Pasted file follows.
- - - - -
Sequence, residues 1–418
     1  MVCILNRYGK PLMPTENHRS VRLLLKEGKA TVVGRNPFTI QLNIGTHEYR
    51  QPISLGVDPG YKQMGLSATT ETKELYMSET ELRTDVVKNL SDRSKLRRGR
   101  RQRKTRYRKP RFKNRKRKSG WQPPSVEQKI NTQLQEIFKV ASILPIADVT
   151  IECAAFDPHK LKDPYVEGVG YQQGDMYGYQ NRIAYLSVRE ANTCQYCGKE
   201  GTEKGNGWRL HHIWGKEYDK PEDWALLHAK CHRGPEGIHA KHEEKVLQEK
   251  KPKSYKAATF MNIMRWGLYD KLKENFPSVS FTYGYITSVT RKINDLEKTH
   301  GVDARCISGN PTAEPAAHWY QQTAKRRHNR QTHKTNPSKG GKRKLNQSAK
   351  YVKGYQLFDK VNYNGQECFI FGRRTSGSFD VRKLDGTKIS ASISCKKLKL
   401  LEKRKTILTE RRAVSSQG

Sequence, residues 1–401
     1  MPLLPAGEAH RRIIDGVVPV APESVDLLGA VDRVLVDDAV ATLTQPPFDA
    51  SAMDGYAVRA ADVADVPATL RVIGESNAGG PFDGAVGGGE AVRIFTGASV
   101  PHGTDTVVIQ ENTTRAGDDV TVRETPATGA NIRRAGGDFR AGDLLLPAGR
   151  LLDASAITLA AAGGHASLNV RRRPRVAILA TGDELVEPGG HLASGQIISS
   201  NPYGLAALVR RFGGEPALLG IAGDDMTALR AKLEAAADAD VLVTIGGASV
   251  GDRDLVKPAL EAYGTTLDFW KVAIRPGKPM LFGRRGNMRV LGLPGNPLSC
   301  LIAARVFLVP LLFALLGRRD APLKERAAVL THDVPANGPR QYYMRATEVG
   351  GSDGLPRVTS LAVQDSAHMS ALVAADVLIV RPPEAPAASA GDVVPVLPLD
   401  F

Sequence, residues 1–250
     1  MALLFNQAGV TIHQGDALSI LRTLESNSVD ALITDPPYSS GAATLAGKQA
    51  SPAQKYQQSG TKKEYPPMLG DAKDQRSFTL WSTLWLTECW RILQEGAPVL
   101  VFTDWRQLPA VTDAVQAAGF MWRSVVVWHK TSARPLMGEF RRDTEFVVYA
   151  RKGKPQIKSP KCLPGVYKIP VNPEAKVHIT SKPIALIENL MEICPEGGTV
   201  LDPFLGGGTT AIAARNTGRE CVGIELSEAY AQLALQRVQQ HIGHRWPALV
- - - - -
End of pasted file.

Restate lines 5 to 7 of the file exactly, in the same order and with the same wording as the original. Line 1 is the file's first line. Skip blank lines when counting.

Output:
   151  IECAAFDPHK LKDPYVEGVG YQQGDMYGYQ NRIAYLSVRE ANTCQYCGKE
   201  GTEKGNGWRL HHIWGKEYDK PEDWALLHAK CHRGPEGIHA KHEEKVLQEK
   251  KPKSYKAATF MNIMRWGLYD KLKENFPSVS FTYGYITSVT RKINDLEKTH